The depositions of two Warren County supervisors were made public following a hearing alleging that the three-member board broke Iowa’s open meeting laws.
In the depositions, attorney Michael Carroll questions supervisors Dean Yordi and Steve Wilson about what role County Administrator Jean Furler plays within the county, whether they believe the county created a new form of government when Furler was hired last May and why they chose to avoid talking about a county reorganization during open meetings.
A judge is expected to rule this year whether the Warren County Board of Supervisors violated the state’s open-meetings law when it handed out severance packages to 11 people.
Lawyers argued in court this week about an injunction sought by several of those employees to overturn their dismissal. They contend that the board did not tell the public about meetings where the job eliminations were discussed.
District Judge Mary Pat Gunderson had told representatives of the county and the former employees to meet with a mediator. But they couldn’t reach an agreement.
During the trial, Warren County Administrator Jean Furler said that she met with each of the three elected county supervisors separately about eliminating jobs before severance packages were given to 11 county employees on March 25 and 26 — knowing that if she talked to two or more at one time it would be considered a public meeting.
Thomas Foley, an attorney for the former employees, asked Furler whether the Board of Supervisors had approved the severance packages before they were issued during the two days in March.
She replied that each of the board members had been presented with a “sample” of the packages before they were distributed, but they did not vote on or discuss the packages during a public meeting.
Supervisors Chairman Doug Shull said Thursday that the county voted Feb. 4 to have Supervisor Steve Wilson look into reorganizing county employees.
He said the decision to eliminate jobs also was discussed during budget meetings, which are open to the public.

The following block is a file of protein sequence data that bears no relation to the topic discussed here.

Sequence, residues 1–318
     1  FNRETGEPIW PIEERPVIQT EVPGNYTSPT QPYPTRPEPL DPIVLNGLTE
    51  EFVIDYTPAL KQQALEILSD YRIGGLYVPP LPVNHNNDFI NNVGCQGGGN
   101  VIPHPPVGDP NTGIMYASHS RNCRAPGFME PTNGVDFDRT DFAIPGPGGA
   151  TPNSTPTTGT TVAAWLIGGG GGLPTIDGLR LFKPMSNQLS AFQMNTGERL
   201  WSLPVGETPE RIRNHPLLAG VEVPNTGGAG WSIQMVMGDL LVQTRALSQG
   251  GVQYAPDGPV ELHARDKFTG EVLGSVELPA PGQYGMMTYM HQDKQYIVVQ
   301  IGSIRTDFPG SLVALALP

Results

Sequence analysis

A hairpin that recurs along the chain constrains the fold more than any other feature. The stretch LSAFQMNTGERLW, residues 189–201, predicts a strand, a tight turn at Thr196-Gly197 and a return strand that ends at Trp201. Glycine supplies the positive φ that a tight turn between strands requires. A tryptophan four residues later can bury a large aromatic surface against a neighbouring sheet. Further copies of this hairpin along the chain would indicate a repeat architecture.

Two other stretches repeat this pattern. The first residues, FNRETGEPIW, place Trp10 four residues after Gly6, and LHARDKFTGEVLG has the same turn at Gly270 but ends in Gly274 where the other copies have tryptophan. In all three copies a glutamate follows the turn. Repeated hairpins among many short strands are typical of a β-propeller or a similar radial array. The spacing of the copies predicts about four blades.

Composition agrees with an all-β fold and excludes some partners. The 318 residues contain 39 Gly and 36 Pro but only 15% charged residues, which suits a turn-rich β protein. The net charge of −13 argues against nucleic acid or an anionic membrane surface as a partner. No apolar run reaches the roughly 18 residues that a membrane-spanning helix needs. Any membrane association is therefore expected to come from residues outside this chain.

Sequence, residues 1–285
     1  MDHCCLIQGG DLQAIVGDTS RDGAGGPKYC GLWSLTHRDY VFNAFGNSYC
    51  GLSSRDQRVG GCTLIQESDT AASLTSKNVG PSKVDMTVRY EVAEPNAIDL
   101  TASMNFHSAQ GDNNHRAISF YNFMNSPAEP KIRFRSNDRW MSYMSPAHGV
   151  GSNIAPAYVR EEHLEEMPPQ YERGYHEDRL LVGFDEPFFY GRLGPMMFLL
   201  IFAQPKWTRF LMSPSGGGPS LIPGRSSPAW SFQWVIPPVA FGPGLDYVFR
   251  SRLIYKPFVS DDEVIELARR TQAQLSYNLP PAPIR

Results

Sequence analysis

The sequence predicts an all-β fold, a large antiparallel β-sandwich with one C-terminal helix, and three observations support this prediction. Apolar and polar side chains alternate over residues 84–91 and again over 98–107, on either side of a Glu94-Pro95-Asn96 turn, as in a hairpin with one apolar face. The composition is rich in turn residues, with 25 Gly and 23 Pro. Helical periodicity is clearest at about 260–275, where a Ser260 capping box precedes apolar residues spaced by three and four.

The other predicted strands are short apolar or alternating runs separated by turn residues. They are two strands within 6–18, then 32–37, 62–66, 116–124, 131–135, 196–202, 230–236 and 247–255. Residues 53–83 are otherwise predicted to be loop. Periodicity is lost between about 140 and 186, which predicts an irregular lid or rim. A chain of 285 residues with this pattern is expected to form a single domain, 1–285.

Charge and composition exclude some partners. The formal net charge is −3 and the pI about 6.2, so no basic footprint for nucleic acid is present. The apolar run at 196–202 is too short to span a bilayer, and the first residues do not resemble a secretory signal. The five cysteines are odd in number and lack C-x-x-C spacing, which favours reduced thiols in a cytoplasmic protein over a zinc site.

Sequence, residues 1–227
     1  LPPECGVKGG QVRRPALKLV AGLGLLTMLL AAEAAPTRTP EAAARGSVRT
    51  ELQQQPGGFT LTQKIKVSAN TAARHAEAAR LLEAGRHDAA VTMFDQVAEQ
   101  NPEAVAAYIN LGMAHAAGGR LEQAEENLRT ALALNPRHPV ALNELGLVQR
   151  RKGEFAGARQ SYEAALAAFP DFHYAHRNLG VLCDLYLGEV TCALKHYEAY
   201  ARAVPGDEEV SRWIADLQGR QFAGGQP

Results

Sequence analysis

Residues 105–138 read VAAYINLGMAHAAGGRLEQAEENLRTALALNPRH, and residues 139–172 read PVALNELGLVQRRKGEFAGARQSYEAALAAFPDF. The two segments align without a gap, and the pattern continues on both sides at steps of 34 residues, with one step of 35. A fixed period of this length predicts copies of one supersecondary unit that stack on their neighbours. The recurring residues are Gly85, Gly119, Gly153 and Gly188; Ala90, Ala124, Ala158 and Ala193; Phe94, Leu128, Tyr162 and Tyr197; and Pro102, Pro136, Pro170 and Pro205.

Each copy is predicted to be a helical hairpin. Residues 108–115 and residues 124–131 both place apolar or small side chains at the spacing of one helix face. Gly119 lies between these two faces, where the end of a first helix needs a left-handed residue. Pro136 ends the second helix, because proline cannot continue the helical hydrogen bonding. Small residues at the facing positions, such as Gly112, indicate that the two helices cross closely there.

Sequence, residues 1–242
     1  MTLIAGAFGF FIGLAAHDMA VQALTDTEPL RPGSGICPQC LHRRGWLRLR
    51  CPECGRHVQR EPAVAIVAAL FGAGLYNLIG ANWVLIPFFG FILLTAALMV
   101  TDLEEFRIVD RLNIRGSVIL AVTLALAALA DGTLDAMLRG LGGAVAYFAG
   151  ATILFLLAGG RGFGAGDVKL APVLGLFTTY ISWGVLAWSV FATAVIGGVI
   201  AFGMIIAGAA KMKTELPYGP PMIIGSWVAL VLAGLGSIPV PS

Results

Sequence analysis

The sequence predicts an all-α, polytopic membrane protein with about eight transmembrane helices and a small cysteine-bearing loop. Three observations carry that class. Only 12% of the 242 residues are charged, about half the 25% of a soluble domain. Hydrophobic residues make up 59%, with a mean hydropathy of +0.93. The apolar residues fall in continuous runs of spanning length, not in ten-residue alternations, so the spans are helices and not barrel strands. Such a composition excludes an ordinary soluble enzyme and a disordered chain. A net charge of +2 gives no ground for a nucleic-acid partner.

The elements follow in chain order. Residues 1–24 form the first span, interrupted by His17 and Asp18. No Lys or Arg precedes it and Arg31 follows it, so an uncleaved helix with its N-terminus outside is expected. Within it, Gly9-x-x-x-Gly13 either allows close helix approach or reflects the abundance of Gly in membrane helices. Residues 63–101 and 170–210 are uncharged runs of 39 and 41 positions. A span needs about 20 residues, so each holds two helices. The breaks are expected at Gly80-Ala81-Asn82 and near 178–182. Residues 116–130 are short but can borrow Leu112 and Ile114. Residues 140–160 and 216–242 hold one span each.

No minutes were recorded during the meetings because state law says no minutes need to be recorded unless an action is taken during a meeting, he said.
A special meeting of the Board of Supervisors was held April 18 to approve five of the 11 packages and a reorganization plan.
The plan wasn’t made available to the public until a few minutes before the meeting began.
Foley, the attorney for the plaintiffs, asked Shull whether he believed there was a practical way for the Board of Supervisors to reject the reorganization plan after the board had already issued the severance packages and hired two vendors to take over for the fired maintenance department.
Shull said the board could have called a meeting before April 18 to discuss any concerns about the reorganization.
Foley argued that the county couldn’t have “put that toothpaste back in the tube” because of how the severance packages had been written.
Patrick Smith, an attorney who has been representing Warren County, said the supervisors did not violate the law, and that because they held the April 18 meeting, they had complied with all of the state’s open-meetings laws.
“The law simply requires that you post a notice of the meeting and that you have a meeting,” Smith said. “Nothing in the law tells the supervisors how they have to run it, what has to be on the agenda, who’s going to speak, whether you have to speak — none of that is required.”